I moved him up from No. 12 to No. 9 and wrote: “According to Trakus, he ran 43 feet farther than the winner, indicating that with a ground-saving trip he would have won by many lengths. He still showed a good turn of foot sweeping by horses on the far turn to reach contention. He kept on determinedly, but all that ground loss eventually took its toll. He has a tremendous pedigree, but it’s just a question of whether he is fast enough now to win the Derby. He surely has the bottom under him and is dead fit. He may be more of a Belmont or even Travers horse, but I still feel with a good trip he can make his presence felt in the Derby.”

I then took a shot and moved him all the way to No. 4, in good part to his Thoro-Graph pattern. As my comments stated, “We haven’t seen anything close to his best yet… I’m not saying he’s going to win the Derby, but don’t be too quick to dismiss him, especially in the exotics.”

Then came the Derby, and, boy, was I shocked by his 18th-place finish. What in the world happened? There were no excuses coming out of the Pletcher camp.

The weekend after the Derby, my wife and our close friends Avi and Rhoda Freedberg drove to Fair Hill to see their horse, Grade 3 Westchester winner, Nicodemus, who was recovering from an injury at Bruce and Amy Jackson’s Fair Hill Equine Therapy Center. We walked into one of the barns and the first horse I saw stopped me dead in my tracks. There was Dynamic One peering out of his stall. It was almost surreal, having seen him the week before in the Kentucky Derby and now at a clinic in Fair Hill. In deference to his owners I won’t reveal the reason for his being shipped to a therapy center, as it was avoided completely by Pletcher, who simply said they were going to regroup. Nothing was released by the owners, so they obviously did not want to make it public. However, I can say it was not an injury, but two maladies that had to severely affect his performance, both of which were treatable with proper therapy.

The question was, can he be ready for the Travers? Two and a half months later he was entered in the 1 1/8-mile Curlin Stakes at Saratoga and he unleashed a powerful late run to win going away by almost two lengths in 1:49 1/5. So, can a rejuvenated, late-blooming colt with as classic a pedigree as you could want going a mile and a quarter in late August defeat the likes of Essential Quality and several other top-class horses in the Midsummer Derby?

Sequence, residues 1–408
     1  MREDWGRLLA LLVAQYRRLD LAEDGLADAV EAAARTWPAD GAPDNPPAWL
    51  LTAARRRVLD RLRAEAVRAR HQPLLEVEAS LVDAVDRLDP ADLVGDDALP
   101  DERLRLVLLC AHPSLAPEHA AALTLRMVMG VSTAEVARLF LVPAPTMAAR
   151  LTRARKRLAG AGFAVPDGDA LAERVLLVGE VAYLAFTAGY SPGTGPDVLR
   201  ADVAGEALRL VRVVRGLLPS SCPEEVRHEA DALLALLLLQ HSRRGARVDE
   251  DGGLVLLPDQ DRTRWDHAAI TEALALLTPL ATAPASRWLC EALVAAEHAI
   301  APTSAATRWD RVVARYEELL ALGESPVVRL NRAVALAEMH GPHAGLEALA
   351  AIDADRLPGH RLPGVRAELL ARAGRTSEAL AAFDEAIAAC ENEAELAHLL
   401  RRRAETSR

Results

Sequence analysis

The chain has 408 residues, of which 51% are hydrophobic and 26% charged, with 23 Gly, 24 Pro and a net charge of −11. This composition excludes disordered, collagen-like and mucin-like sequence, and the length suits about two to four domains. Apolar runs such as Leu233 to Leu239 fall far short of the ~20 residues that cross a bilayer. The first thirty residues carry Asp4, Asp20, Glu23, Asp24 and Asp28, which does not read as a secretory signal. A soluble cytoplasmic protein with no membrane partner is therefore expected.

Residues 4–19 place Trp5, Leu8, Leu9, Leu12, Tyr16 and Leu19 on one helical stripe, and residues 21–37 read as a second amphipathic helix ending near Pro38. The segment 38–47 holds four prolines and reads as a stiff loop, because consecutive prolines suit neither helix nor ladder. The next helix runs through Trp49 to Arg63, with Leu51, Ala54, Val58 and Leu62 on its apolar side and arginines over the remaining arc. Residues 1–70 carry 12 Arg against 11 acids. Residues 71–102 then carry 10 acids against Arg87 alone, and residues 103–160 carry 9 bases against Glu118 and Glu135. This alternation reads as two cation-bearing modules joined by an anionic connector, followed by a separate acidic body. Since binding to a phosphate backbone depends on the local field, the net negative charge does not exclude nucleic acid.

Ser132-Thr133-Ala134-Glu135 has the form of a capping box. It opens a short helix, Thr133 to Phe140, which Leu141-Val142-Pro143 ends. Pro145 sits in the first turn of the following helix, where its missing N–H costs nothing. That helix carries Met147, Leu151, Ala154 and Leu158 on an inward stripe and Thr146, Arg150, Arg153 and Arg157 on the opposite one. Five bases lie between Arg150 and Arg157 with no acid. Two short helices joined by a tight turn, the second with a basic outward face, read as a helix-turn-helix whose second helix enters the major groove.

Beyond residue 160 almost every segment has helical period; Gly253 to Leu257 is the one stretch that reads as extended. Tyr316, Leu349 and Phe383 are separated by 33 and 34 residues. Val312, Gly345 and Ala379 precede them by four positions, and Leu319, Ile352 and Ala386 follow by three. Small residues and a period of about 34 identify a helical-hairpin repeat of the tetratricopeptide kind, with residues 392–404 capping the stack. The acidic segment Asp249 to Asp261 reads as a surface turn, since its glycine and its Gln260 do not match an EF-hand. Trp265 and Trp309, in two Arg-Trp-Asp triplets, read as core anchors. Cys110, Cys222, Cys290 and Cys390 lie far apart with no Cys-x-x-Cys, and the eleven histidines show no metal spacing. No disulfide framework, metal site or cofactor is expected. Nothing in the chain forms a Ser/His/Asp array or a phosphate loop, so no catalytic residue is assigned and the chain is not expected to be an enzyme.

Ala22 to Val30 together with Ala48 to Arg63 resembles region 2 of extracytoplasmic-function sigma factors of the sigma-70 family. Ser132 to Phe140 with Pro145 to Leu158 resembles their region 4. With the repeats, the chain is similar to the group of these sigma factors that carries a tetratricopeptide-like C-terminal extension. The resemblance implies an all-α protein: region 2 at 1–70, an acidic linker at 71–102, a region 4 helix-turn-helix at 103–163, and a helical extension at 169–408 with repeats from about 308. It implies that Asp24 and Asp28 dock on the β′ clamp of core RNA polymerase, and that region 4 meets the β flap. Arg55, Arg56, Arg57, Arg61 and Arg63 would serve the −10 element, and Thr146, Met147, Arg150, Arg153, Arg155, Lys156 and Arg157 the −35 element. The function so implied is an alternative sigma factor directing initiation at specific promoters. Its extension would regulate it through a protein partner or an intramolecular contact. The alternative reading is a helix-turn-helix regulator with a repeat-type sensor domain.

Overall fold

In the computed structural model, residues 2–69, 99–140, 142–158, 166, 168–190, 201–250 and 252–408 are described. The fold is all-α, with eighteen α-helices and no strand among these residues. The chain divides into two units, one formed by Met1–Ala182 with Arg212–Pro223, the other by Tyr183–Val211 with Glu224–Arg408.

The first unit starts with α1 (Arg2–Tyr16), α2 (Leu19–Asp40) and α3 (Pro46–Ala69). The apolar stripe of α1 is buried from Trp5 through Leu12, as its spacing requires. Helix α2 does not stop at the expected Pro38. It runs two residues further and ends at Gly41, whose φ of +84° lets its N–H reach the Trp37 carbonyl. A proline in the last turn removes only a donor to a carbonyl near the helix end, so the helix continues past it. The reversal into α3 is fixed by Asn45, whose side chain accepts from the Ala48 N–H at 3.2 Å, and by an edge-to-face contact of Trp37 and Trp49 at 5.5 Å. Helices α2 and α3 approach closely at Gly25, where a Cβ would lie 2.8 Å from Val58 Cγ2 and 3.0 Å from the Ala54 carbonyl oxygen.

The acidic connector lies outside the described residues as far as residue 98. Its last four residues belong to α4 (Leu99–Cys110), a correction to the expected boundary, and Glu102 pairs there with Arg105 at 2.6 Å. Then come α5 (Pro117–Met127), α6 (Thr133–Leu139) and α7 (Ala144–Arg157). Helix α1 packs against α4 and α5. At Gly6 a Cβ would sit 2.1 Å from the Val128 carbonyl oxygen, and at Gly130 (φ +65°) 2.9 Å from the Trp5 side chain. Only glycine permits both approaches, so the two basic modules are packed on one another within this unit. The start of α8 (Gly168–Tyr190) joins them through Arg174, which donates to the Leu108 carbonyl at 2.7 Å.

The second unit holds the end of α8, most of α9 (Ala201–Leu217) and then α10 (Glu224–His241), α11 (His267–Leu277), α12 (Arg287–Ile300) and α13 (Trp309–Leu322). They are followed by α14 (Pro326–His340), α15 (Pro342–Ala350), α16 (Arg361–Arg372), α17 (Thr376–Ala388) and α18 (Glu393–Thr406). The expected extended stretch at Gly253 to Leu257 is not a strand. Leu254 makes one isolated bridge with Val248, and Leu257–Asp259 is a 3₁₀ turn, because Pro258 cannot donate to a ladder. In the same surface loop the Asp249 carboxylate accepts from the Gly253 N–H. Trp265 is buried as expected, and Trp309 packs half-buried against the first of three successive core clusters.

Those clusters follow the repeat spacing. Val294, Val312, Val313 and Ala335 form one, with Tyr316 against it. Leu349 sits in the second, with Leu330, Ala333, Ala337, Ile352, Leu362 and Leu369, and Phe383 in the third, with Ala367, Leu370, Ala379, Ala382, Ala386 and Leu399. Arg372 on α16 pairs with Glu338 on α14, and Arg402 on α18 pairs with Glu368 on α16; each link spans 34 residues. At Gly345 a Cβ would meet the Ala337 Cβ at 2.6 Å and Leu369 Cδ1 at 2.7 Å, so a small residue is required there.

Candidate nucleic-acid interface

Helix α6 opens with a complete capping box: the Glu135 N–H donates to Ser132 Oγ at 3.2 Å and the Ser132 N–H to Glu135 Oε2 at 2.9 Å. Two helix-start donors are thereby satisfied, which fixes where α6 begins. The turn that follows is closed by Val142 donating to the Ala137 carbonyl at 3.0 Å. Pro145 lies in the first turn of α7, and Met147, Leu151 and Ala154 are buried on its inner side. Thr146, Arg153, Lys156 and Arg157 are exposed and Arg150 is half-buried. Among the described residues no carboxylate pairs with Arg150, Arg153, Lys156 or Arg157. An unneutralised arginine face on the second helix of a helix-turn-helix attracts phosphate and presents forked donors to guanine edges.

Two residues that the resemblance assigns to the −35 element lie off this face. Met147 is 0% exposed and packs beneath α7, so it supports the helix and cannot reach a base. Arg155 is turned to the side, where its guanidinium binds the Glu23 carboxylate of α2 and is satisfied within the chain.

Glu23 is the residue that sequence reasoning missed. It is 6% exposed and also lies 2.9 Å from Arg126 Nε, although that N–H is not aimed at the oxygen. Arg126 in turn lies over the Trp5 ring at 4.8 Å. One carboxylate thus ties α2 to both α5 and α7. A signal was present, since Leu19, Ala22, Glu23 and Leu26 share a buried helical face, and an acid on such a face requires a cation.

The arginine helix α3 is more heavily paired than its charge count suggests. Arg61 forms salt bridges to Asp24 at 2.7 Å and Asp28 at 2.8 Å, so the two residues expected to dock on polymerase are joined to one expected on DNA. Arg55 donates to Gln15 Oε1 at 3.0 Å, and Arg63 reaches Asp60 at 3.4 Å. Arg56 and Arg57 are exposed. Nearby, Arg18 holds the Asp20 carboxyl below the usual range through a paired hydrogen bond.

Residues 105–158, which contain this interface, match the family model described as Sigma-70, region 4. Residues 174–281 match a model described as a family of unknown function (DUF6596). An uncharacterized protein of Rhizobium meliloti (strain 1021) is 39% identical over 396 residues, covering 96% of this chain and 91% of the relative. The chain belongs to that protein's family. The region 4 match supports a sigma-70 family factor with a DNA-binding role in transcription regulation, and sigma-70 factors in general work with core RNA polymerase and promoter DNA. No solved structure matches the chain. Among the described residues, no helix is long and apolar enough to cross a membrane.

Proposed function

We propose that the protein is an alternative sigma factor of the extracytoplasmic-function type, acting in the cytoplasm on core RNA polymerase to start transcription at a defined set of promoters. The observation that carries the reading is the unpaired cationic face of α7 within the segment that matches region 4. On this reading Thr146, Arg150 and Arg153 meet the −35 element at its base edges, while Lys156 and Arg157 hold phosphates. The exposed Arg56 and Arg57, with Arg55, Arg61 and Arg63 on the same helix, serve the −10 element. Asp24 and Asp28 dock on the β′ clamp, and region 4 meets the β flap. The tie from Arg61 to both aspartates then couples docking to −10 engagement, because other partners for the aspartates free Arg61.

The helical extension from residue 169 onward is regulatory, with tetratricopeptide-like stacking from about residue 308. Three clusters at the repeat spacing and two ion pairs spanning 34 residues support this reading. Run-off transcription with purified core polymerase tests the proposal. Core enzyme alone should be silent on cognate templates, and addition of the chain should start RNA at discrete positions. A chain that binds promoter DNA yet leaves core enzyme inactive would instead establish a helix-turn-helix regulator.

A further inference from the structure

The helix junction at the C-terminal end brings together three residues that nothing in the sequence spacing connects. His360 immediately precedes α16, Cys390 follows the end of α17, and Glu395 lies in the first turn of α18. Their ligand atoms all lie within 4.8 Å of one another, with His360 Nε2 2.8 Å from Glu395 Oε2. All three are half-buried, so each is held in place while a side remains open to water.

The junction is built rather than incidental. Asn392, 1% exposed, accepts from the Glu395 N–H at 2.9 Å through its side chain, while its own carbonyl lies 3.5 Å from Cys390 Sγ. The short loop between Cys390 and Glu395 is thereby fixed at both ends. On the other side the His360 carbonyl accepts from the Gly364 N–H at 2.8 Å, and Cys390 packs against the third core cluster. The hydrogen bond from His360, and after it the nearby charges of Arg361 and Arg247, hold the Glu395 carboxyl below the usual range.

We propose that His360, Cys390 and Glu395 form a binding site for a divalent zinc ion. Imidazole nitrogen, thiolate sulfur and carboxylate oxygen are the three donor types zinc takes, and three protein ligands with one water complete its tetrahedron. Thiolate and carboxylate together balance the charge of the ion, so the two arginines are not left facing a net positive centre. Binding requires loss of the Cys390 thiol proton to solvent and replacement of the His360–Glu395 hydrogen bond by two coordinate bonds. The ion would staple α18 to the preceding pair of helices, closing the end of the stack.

His “2” Thoro-Graph figure following that dreadful Derby figure of “14 ½” equaled his Wood Memorial career high. But he still has improving to do to get close to Essential Quality’s four negative figures and a “zero” in his last five starts. He even has to improve slightly to match Keepmeinmind’s back-to-back “1 ¾” figures in the Jim Dandy and Ohio Derby.

So, from a speed figures standpoint, Essential Quality towers over the field if he can just maintain the numbers he’s been running.

But I am going to stick with my early discovery and hope he can turn in a career-best performance, while Essential Quality regresses just a little. He never does, but if you’re looking to upset a horse of his caliber you need both to happen. I have become an Essential Quality fan and would be happy to see him and Dynamic One run-two. But my heart belongs to the latter.

Now that I have bored everyone with my self-indulgence, let’s take a more logical look at the Travers.

I have been saying all along that when Midnight Bourbon has his break-out performance it will be on the front end when he is the only horse who wants the lead. And he will be hard to pass in the stretch once the Tiznow, and maturity, comes out in him. Now he shows up coming off that near-disastrous incident in the Haskell, and I don’t see anyone trying to outrun him early, especially from post 1, with Essential Quality and Masqueparade stalking, but giving him enough breathing room. Essential Quality normally would have been better served drawing farther out, but from post 2 he will be able to break next to Midnight Bourbon and get a good position right off him.

Dynamic One would need one of these two to go after him early enough to at least give the closers a shot. And Dynamic One, Keepmeinmind, and Miles D can all close.